We are tremendously proud of the eight new 51 Pegasi b Fellows announced earlier this week. They are among the finest in the field, and we celebrate their selection. But we also realize that our program has room for improvement with respect to gender diversity, and we’d like to thank our astronomy colleagues for calling us on where we have fallen short. Their feedback has brought reflection, self-critique, and, hopefully, change and improvement. We are especially appreciative of the feedback because our Foundation is funding projects to address gender inequities in physics and astronomy in the U.S.
Given our commitment to addressing gender inequities, how is it that only one of our eight fellows this year is a woman? While we did some things right – having clear criteria against which we evaluated all candidates, informing universities about our desire for gender diversity, and employing an external evaluation panel that was 50 percent female – that was not enough. Our process only got us part of the way. The submission pool to the Foundation this year was only 21 percent female. We need to examine the total process, from how universities determine who to nominate, to the application process, and finally to the awards themselves.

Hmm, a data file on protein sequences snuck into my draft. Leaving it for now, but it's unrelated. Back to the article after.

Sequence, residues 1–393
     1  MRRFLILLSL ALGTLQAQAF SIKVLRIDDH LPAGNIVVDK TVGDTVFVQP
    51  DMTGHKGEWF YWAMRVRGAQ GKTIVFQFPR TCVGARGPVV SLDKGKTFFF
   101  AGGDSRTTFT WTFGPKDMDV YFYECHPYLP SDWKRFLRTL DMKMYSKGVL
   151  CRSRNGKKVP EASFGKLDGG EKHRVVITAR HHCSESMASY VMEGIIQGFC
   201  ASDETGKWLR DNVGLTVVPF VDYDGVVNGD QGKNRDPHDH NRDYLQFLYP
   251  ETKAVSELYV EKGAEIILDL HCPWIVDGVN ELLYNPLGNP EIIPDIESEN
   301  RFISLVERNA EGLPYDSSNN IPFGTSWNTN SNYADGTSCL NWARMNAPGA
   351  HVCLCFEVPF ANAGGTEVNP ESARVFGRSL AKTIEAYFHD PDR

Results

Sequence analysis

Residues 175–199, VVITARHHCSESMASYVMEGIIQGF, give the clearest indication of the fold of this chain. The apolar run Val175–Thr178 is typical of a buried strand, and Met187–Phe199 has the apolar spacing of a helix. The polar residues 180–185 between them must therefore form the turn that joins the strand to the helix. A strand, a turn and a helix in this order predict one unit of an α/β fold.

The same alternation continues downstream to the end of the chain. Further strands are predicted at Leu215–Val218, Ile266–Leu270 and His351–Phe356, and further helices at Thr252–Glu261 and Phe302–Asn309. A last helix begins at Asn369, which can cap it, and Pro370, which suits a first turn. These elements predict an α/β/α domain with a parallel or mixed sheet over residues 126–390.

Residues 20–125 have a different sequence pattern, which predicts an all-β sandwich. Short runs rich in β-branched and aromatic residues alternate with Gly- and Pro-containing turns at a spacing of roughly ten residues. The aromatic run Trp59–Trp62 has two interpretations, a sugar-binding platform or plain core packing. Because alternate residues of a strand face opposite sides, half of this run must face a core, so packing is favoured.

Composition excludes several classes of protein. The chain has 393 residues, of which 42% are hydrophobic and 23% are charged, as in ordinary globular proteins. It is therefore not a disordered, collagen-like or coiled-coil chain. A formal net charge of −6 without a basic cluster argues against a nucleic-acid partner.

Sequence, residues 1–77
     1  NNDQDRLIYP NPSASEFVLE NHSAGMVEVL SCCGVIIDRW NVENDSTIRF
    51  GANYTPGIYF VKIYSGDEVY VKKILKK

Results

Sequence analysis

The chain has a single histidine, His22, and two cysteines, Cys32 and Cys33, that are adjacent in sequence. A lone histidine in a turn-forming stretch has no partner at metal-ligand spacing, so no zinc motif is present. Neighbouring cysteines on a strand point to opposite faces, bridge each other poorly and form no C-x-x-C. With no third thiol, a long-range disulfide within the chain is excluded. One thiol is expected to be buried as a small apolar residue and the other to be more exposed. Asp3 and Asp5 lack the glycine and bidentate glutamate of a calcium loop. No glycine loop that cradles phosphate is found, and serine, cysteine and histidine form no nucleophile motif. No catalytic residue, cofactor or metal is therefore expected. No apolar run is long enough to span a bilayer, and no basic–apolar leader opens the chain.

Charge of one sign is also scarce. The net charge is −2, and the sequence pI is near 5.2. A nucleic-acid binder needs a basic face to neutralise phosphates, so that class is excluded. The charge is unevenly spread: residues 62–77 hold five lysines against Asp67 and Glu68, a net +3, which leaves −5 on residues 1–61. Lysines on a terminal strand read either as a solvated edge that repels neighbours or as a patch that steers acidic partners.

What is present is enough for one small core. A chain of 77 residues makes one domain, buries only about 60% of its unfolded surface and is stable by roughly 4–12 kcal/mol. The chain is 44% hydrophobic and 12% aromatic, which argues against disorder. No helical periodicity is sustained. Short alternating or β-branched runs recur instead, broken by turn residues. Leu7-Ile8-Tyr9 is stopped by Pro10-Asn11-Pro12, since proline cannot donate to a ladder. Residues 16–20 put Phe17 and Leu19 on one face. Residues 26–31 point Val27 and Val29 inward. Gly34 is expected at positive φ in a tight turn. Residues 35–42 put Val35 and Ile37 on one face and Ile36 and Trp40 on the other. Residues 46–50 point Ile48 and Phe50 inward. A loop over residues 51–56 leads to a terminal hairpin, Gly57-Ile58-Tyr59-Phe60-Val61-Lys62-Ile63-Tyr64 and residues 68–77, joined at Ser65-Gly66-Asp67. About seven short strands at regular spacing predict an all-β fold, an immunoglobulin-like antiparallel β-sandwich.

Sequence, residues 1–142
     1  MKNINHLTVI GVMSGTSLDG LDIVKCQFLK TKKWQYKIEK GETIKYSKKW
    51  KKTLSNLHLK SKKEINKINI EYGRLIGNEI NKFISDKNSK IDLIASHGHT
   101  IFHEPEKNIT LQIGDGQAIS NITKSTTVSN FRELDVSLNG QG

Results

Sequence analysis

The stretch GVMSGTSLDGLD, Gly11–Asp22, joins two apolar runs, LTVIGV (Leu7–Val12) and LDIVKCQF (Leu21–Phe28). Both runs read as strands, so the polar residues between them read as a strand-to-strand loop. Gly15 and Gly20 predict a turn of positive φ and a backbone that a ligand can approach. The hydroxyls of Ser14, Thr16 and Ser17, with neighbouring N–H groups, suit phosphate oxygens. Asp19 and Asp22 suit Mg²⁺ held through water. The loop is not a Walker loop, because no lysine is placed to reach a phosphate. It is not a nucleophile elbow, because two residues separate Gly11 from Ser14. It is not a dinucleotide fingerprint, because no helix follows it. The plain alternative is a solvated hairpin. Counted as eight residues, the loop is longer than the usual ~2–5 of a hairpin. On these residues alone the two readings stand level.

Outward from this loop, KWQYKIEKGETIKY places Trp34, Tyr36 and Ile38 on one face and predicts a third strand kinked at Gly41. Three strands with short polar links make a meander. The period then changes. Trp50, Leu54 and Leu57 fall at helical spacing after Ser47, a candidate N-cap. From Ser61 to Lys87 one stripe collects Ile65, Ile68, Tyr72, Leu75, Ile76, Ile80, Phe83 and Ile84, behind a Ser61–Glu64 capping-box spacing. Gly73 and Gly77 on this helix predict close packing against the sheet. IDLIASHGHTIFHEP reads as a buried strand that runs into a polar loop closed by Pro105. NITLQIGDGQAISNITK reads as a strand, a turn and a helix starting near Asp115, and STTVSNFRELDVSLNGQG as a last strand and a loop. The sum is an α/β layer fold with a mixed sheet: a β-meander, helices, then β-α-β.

Even with our good intentions, we find ourselves part of a system that drives to less rather than more diversity. We commit to working to change our Fellowship and that system for the better. Already we have begun having difficult, yet candid, conversations with our colleagues. These include: members of the astronomy community; our eight-member, all-female Physics and Astronomy Leadership Council; and leadership at university departments. We will spend the weeks and months ahead learning even more before we start soliciting the next class of fellows. We’ll engage with our colleagues within the physical and social sciences to better design the application process and procedures. We’ll get further training on best practices and share those practices. We’ll continue our grant making dedicated to increasing gender diversity in astronomy and physics that we hope will bear fruit in coming years. And we will remain open to feedback and suggestions from programs and people that are doing well at gender issues.
Are we proud of this new Fellowship so far? Absolutely. We have exemplary scientists in planetary astronomy who will make incredible discoveries and increase our knowledge of the universe in the years to come. Do we think we can do better? Always. We still have much to learn and incorporate while we are running this program. While it is difficult to learn these lessons publicly, I am reminded of the words often attributed to Confucius: “Our greatest glory is not in never falling, but in rising every time we fall.”